Common Core and Parent Engagement
Guest blogger Deborah Walker, Ed.D. is the President and CEO of the Collaborative for Teaching and Learning.
School leaders can leverage parent engagement by explaining to parents that the Common Core State Standards (CCSS) are part of a larger effort aimed at ensuring all students graduate from high school ready for college and career. The Standards promote three important goals: addressing a smaller number of learning objectives but in greater depth; providing challenges so that all students have access to rigorous coursework; and assuring quality of curriculum and assessments across states. Paired with effective and engaging instruction, the CCSS hold promise for reducing learning gaps and increasing opportunities for students (see June 2012 blog: //ctlonline.org/impact-of-the-common-core).
While the Standards have caught the imagination of educational reformers, their intended impact remains less clear to parents. This is where school leaders can play an important role in providing context for parents to understand the Common Core and to support their implementation. The context includes three entry points to engage parents.
1. Supporting their students' academic success: Parents want their children to achieve academic success but aren't always sure how to support them. Having an understanding of the critical instructional shifts required by the CCSS is a starting place. For example, in English Language Arts the CCSS require students to read closely both informational and literary texts, form conclusions about what they are reading and cite evidence from the text to support their conclusions. One thing parents can do with this understanding is to ask their students to discuss with them the central ideas from what they are reading and to pull from the text words and sentences that illustrate these ideas. The same is true for mathematics, where the Standards ask students to construct viable arguments to explain their solutions. Standards in both content areas are written to help students think critically. Parents don't need to be experts in a topic to do this, but merely good listeners who give their students' a sounding board to see if their conclusions make sense.
2. Guiding their students toward college and career readiness: The CCSS require more rigorous work than before, to give students the experiences they need to be ready for advanced study in postsecondary education and/or for the technical requirements of a career. Parents should expect to see their students reading more complex texts that challenge and stretch their reading ability. They can help their students by encouraging them to persist, re-read texts, and find the meaning of unfamiliar words. Parents will notice also that the College and Career Anchor Standards that are part of the Common Core ask students to develop and apply literacy skills in all disciplines. This means students will be asked to read and write across content areas, to become more literate with the intention of mastering new content and applying that knowledge to new situations. Again, parents can provide a listening ear, questions to check student thinking and overall encouragement that their students are asked to do more rigorous work for a reason: to open doors for them beyond high school.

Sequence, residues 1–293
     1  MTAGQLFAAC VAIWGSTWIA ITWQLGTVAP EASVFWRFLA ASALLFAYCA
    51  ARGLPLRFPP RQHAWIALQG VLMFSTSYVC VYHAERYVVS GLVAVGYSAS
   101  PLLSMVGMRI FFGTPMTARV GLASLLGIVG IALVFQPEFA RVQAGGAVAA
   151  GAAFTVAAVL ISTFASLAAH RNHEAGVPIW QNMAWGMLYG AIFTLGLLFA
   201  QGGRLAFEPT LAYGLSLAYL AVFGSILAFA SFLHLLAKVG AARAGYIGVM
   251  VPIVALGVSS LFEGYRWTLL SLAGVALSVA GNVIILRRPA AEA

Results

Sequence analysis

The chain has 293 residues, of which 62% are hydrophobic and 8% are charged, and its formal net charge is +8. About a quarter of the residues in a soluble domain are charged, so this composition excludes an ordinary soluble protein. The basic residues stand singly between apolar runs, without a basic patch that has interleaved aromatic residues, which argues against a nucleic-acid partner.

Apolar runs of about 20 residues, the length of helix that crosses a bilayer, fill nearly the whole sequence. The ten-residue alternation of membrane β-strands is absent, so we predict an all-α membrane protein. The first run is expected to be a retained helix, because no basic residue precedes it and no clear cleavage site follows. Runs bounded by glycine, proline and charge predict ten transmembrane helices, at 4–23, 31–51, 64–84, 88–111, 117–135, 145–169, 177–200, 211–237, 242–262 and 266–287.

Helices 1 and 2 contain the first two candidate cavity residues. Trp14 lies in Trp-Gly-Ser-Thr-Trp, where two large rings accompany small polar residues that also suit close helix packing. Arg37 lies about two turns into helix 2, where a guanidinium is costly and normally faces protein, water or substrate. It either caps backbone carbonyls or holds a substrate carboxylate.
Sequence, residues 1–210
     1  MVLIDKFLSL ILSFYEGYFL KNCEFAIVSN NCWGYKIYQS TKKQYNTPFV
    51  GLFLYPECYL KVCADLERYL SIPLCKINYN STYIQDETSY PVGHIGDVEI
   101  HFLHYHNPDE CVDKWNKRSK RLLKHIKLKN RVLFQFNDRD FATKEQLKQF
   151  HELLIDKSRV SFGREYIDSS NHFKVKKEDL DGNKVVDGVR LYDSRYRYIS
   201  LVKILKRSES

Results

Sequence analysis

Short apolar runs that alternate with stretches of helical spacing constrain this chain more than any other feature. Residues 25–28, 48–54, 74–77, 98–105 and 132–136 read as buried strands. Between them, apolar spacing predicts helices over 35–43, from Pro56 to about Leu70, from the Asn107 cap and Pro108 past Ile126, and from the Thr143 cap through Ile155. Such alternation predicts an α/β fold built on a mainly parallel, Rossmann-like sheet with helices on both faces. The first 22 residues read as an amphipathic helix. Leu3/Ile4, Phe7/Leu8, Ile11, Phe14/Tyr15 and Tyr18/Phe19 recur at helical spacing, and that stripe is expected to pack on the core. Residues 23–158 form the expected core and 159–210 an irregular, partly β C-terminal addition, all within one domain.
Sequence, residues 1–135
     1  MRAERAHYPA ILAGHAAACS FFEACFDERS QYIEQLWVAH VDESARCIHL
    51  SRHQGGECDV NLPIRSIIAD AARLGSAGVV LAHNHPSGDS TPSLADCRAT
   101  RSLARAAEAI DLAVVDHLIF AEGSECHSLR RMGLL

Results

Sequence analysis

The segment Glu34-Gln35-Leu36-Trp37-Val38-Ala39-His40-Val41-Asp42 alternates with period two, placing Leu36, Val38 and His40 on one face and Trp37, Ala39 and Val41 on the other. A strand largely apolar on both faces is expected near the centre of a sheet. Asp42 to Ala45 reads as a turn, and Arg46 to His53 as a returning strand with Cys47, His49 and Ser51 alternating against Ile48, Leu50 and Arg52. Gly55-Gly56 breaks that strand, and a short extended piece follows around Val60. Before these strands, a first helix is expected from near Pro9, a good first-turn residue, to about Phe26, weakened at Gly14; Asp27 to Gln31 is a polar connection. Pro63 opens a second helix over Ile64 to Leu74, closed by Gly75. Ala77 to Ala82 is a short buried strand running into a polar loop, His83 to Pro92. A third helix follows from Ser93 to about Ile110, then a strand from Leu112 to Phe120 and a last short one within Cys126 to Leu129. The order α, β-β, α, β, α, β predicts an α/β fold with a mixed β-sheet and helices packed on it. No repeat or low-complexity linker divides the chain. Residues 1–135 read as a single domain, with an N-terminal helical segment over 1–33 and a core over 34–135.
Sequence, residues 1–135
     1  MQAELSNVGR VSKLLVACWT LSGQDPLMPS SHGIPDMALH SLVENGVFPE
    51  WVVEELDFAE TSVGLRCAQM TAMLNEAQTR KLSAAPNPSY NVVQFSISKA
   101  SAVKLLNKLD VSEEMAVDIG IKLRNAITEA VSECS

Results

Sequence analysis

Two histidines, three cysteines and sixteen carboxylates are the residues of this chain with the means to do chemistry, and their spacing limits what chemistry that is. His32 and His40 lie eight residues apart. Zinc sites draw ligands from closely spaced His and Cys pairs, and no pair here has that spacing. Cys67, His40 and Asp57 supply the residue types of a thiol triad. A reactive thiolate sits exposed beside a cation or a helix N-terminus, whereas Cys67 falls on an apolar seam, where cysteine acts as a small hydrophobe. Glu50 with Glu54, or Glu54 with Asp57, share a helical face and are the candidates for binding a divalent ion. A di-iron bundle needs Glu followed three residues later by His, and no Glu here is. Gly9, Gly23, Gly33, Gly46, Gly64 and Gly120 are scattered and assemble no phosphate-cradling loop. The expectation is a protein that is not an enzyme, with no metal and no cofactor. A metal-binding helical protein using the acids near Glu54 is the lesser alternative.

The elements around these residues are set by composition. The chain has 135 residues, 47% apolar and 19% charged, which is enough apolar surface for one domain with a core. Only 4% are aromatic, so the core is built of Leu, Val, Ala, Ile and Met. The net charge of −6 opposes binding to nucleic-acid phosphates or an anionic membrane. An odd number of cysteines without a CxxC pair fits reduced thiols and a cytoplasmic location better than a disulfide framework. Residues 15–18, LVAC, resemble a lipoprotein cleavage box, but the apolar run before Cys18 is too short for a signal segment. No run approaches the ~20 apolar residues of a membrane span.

3. Nurturing aspirations for the future: This third entry point in particular provides common ground between school leaders and parents. Principals have overall responsibility for meeting college and career readiness targets. For example in Kentucky, legislation passed in 2009 requires schools to certify their students are college and career ready, using ACT and other benchmark scores, so principals are especially sensitive to the issue of aspirations besides their wanting the best for their students. Parents also want the best for their students, for them to reach as high as possible to realize their dreams. Conversations between school leaders and parents can create understanding about the importance of the Common Core in preparing students for the world beyond high school, by equipping them with the skills and knowledge necessary to compete in higher education, technical training and the job market.
Implementation of the Common Core State Standards places new demands upon schools and school leaders. Parents are perhaps an unrecognized resource in that process of implementation (see June 2013 blog: //ctlonline.org/the-importance-of-parent-engagement/). By informing parents, enlisting their help, and listening to their ideas for preparing students, school leaders can form an alliance with parents that can have benefits for schools and families alike. Everyone gains when students are successful in school and graduate well-prepared to achieve future dreams.